EL SEGUNDO, Calif. – At a time of unprecedented change in the satellite communications industry, fleet operator SES looks forward to the December launch of its first Boeing-built O3b mPower broadband satellites.
“We think we have something special,” said Ruy Pinto, chief technology officer of SES, referring to the constellation of 11 O3b mPower satellites destined for medium Earth orbit. “This second generation of MEO satellites is that holy grail of full configurability.”
Each of the 11 satellites in the O3b mPower constellation can generate up to 5,000 spot beams. While SES probably won’t need that much, the company appreciates the flexibility offered by the satellite’s software-defined payload.
“You can just download the coefficients and you can change the beam sizes,” Pinto said Nov. 10 during a press briefing at the Boeing Satellite Factory here. “And you can create that dynamically. Every minute you can change the configuration.
Flexibility is increasingly important to satellite operators given the complex regulatory environment and spectrum interference issues they face, said Ryan Reid, president of Boeing Commercial Satellite Systems International. Fleet operators must be “able to control and fine-tune with a high degree of precision and at a very rapid rate where the power is distributed or where the power is not distributed”, he added. .
The 11 O3b mPower satellites are expected to be launched next year. The first eight will be launched in pairs on four SpaceX Falcon 9 rockets. The last three will share another Falcon 9.
After launch, it will take approximately five months for each O3b mPower satellite to rocket into its designated orbit and an additional month for commissioning.
The discussions that prompted Boeing and SES to work together on the O3b mPower constellation began in 2016.
SES, one of the world’s largest satellite fleet operators, sought a fundamentally different approach to satellite communications. The Luxembourg company wanted to integrate satellites into a network capable of dynamically reconfiguring power and bandwidth to provide fiber-like connections anywhere in the world.
At the time, Boeing was conducting internal research and development on marrying terrestrial 5G technologies with high-precision semiconductor manufacturing to create integrated phased arrays.
“It really becomes an extension of the software on the ground to provide full flexibility in all the dimensions that flexibility needs to be provided,” Reid said.
During the development and manufacture of the O3b mPower constellation, more than 10 SES engineers were housed in the Boeing Satellite Factory.
“They weren’t there just looking over someone’s shoulder to say, ‘Did you check that box,'” Pinto said. let’s deploy that.”
Meanwhile, SES was working with industry partners to update ground networks and create Adaptive Resource Control, software that connects SES satellites in geostationary (GEO) and medium Earth orbit with ground terminals and gateways.
“We’re trying to make it API driven,” Pinto said. “So if we buy another GEO or partner with a [low-Earth orbit] constellation, we can just plug it in. You plug in platforms, constellations or satellites.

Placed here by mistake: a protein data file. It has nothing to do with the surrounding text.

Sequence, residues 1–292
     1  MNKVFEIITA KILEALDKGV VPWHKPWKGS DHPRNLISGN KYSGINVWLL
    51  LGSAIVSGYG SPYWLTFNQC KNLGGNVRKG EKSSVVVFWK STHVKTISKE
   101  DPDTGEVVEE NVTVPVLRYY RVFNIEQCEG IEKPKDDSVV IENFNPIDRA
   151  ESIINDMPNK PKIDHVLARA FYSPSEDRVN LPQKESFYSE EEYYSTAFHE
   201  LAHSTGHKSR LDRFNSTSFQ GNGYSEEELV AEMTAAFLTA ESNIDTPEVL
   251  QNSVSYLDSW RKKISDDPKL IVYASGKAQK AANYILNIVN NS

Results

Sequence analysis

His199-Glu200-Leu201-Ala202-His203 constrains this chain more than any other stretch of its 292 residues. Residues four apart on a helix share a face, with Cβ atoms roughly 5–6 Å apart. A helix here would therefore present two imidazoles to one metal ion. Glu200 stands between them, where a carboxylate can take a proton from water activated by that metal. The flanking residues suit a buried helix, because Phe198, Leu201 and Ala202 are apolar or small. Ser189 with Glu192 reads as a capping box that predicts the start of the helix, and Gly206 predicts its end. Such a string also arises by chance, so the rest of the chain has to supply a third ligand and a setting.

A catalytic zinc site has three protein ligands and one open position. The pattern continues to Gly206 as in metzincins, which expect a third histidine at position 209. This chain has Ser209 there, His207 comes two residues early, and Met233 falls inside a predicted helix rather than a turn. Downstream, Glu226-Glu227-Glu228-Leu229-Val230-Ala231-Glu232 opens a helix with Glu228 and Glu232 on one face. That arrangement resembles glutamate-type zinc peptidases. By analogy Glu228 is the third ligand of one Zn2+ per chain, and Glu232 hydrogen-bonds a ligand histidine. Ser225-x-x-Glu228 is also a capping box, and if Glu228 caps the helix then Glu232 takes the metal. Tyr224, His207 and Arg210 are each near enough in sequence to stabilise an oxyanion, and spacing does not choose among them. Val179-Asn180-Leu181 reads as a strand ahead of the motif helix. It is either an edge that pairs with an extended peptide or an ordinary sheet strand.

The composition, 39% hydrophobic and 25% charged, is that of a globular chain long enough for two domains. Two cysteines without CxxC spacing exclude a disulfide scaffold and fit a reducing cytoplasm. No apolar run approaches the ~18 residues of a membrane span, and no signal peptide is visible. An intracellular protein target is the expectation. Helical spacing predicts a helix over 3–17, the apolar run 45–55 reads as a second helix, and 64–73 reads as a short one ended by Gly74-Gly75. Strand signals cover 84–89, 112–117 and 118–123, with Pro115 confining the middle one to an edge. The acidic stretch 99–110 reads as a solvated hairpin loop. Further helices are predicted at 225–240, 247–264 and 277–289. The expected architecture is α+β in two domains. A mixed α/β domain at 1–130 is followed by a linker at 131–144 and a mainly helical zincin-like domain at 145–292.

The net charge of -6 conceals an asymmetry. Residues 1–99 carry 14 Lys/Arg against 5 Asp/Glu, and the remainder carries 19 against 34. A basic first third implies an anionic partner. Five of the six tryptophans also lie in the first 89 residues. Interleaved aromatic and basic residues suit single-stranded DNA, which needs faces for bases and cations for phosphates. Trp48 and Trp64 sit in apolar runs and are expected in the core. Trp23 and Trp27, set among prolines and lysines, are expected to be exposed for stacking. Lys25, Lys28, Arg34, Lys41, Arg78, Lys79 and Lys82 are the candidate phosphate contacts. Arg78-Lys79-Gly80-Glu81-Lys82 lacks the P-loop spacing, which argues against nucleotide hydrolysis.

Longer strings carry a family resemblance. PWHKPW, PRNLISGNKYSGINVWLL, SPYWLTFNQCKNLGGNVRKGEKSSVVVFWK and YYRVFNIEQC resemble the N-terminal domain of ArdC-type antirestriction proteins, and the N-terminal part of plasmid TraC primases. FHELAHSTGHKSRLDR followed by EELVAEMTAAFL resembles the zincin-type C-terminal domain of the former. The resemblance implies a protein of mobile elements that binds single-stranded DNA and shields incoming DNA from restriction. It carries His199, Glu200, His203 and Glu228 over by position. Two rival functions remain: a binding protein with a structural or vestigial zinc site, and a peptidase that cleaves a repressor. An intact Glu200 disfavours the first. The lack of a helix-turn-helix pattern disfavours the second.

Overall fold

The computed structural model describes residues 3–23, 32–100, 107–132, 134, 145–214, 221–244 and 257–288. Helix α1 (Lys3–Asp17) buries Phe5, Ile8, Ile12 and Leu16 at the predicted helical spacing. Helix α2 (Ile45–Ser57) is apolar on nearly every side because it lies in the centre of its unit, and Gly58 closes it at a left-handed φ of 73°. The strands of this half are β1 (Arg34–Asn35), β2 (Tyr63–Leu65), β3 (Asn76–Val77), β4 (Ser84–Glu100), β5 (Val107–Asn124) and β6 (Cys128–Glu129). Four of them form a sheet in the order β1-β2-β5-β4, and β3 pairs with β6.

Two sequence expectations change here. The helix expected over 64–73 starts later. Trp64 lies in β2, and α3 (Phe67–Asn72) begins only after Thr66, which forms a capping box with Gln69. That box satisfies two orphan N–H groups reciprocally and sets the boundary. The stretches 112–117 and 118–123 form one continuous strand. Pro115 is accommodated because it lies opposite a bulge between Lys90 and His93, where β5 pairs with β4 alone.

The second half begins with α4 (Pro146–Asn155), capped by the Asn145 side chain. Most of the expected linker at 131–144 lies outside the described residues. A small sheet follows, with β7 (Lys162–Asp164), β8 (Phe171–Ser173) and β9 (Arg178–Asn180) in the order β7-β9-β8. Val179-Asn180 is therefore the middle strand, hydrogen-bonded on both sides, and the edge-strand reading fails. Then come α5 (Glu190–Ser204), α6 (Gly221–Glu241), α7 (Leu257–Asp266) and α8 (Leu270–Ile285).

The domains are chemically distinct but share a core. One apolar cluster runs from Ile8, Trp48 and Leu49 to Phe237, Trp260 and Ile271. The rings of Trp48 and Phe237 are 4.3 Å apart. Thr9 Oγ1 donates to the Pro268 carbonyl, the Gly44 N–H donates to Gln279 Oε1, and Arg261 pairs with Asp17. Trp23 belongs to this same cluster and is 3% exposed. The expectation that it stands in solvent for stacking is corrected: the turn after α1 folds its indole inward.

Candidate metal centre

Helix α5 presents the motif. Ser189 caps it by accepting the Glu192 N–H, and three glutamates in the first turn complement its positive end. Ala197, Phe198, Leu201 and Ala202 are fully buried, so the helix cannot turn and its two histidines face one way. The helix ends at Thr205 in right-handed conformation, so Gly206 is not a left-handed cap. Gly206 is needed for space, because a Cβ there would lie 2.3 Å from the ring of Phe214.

Recent changes in government and commercial markets have highlighted the need for flexibility.
“What we’ve been through in recent years with the pandemic and the conflict in Ukraine has just highlighted some changes in the way we see space,” Pinto said. “These trends existed before, but they have accelerated in recent years.”
Governments around the world have always considered space capabilities important. Now they view the space as strategic, Pinto said.
Commercially, the satellite communications market is being disrupted by SpaceX’s Starlink broadband constellation, Amazon Project Kuiper and other companies catering to increased demand for low-latency global connectivity.
“These companies and the owners of these companies aren’t going into this market just because they want to,” Pinto said. “They see that there are patterns of growth and patterns of disruptive transformation.”
O3b mPower satellites can be launched in pairs and trios due to their size. The software-defined satellites, built on Boeing’s 702X platform, are much smaller than traditional geostationary communications satellites, but larger than the first generation of O3b satellites built by Thales Alenia Space.
Boeing modified the 702 platform and solar arrays to withstand the harsh radiation of medium Earth orbit for 10 years, the design life of O3b mPower.
“Unlike a geostationary satellite where fuel tends to be the limiting factor, power is the limiting factor for these satellites in the radiation environment,” Reid said. “Fortunately, as satellites age, the ground system can constantly reconfigure them so that they degrade gracefully over time.”
Beyond O3b mPower
As they prepare to launch the first two O3b mPower satellites in mid-December, SES executives are looking ahead.
“We are already thinking about the third generation,” Pinto said. “What’s the next step in technology development?” How do we stay relevant in terms of technology? »
Improved power, configurability and coverage will all be important.
“We want to increase power from single-digit gigabits for a single site to double-digit gigabits,” Pinto said. “And we want to have more coverage than what O3b mPower provides.”
SES executives are talking to manufacturers of third-generation mPower constellation satellites ahead of a formal bidding process.
“But it’s not about the bidding, it’s about how we partner and stretch the envelope,” Pinto said. “What can we deploy in three or four years that will still be a game-changer for us?”